By Rachel Holt
If you ask most people where their happy place is, you’d probably get answers like a childhood home, a sunny vacation spot or even a beloved coffee shop.
For David Harwood, micropaleontologist and professor of earth and atmospheric sciences at the University of Nebraska-Lincoln, his happy place is the hostile and bitterly cold, yet serene plains of Antarctica.
Harwood has been to Antarctica 18 times for research projects such as ANDRILL, an Antarctic drilling project that analyzes sediments in ice and rock cores to gather information about past periods of global warming and cooling. His work as micro paleontologist allows him to study microalgae called diatoms that help determine past Antarctic climates.
“There are not a lot of people that do what I do, so I’ve been in most of drilling projects that have ever happened,” Harwood said.
Harwood always knew he wanted to pursue a career in science and graduated with a bachelor’s degree in geology from the University of Akron. From there, he was offered a research assistantship at Florida State University to study micropaleontology and analyze sediments in mud from Antarctic ice cores.
“I kind of had a good sense of being able to pursue one’s dreams and have your job be a hobby,” he said. “Also just being a communicator and sharing things about our natural world with others became something that got me jazzed about it.”
Harwood spends a majority of his time in Antarctica analyzing sediments in the lab, but if he isn’t, he’s out in the field exploring the plains of Antarctica and searching for fossils from a warm and prehistoric past. With it being Antarctica, however, explorations and adventures are bound to be a little dangerous and unpredictable.
Harwood recalls some risky anecdotes out in the field such as blowing up glacial rock with dynamite, racing on sleds down an icy slope at about 50 miles per hour and even getting stuck out in the Antarctic plains for several weeks. Despite how chaotic and terrifying these events seem, Harwood recalls the memories fondly and said they make for great stories.
“It’s like in an Antarctic theater theme, there was ‘Lucky to be Alive,’ ‘Doing Stupid Stuff’ or ‘Right Place, Wrong Time.’” Harwood said, chuckling.
Amid all the harshness and hostility of Antarctica, Harwood reminisces on the beauty and moments of calmness of the continent. Harwood describes the place of having an extreme range of personality and remaining unknown with so much hidden beneath the ice.
“The real thing about Antarctica that is kind of magical, is that it can be fierce, and you’re fighting it, just trying to stay comfortable, but it can also be gentle and graceful,” Harwood said. “It can be so quiet you can hear your heartbeat.”
When Harwood isn’t on the icy plains of Antarctica, he’s back on the Great Plains in Lincoln, teaching earth and atmospheric sciences at UNL. Harwood has been teaching at UNL for more than 30 years. His Antarctic geoscience class allows him to bring his Antarctic experiences to the classroom and teach on the importance of sedimentology and climate change.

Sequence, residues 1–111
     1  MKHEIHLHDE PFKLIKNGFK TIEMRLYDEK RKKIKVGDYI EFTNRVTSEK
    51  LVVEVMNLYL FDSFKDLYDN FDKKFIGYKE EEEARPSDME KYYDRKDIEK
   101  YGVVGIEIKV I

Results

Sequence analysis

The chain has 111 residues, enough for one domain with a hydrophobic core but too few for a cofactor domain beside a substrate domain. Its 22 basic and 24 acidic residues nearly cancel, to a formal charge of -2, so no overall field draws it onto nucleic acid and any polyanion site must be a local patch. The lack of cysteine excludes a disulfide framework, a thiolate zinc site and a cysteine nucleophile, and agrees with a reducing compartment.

“It (the class) seems to resonate with some people and can be kind of a fun a class to enjoy learning,” Harwood said.
Harwood also is a good mentor, according to Molly Patterson, assistant professor at Binghamton University in the department of geological sciences and environmental sciences, who has worked with him for about 13 years.
“He’s always kind of calming to be around, and he’s always willing to provide any insight or guidance,” Patterson said. “He just never comes across as judgmental.”
She said she’s learned much from Harwood, who is willing to help at any time, even if it’s as big as writing proposals for science projects, or just editing an email draft.
Despite the excitement and adventure of being a traveler and scientist in Antarctica, Harwood said his focus is on research and communicating the importance Antarctica has in climate change and global warming.
“Antarctica is the biggest player in all of this right now,” he said. “It keeps things cold down there, but it has great potential for change.”
Antarctica also is the key to understanding past global warming and will help us prepare as the climate crisis looms, he said. If the the past can be revealed by the study of sediments in Antarctic ice cores, then the future of climate change can be predicted, he said.
“I sit down at my microscope and say, ‘Here we are, here’s my time machine,’ because my microscope is what allows me to look at the sediments to see what’s in there, and to see who lived when, so it’s like going back in time,” Harwood said.
Harwood encourages people to educate themselves about climate change, then spread the word. Individuals can make a difference collectively by voting for candidates in people who will care about climate change, buying local items to reduce worldwide shipping, growing their own produce and living more sustainably, he said.
“I am optimistic about the youth and about people’s perspective and the energy of that, but I am not optimistic about the short time we have,” he said.
Harwood said he enjoys teaching the Antarctic geoscience class because he gets to talk about the important issues of climate change and educate his students more on the topic. He hopes that he can inspire his students to make an effort in stopping climate change and spread the word about the impeding crisis.
“If I can have people be better citizens, better voters, informed science literacy and all that stuff, that’s my mission,” Harwood said. “As long as everybody walks away having learned something and has a positive view of science, that’s a win for everybody.”